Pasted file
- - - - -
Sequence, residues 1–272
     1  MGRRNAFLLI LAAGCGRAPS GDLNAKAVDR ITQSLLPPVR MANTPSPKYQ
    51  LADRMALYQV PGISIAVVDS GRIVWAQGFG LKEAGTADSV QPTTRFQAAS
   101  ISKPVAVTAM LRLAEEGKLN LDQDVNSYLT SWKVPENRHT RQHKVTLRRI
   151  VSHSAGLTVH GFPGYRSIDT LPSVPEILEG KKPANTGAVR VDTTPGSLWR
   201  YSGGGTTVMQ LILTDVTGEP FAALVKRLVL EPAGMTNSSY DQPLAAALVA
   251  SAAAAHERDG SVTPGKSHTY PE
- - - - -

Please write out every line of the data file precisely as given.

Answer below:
Sequence, residues 1–272
     1  MGRRNAFLLI LAAGCGRAPS GDLNAKAVDR ITQSLLPPVR MANTPSPKYQ
    51  LADRMALYQV PGISIAVVDS GRIVWAQGFG LKEAGTADSV QPTTRFQAAS
   101  ISKPVAVTAM LRLAEEGKLN LDQDVNSYLT SWKVPENRHT RQHKVTLRRI
   151  VSHSAGLTVH GFPGYRSIDT LPSVPEILEG KKPANTGAVR VDTTPGSLWR
   201  YSGGGTTVMQ LILTDVTGEP FAALVKRLVL EPAGMTNSSY DQPLAAALVA
   251  SAAAAHERDG SVTPGKSHTY PE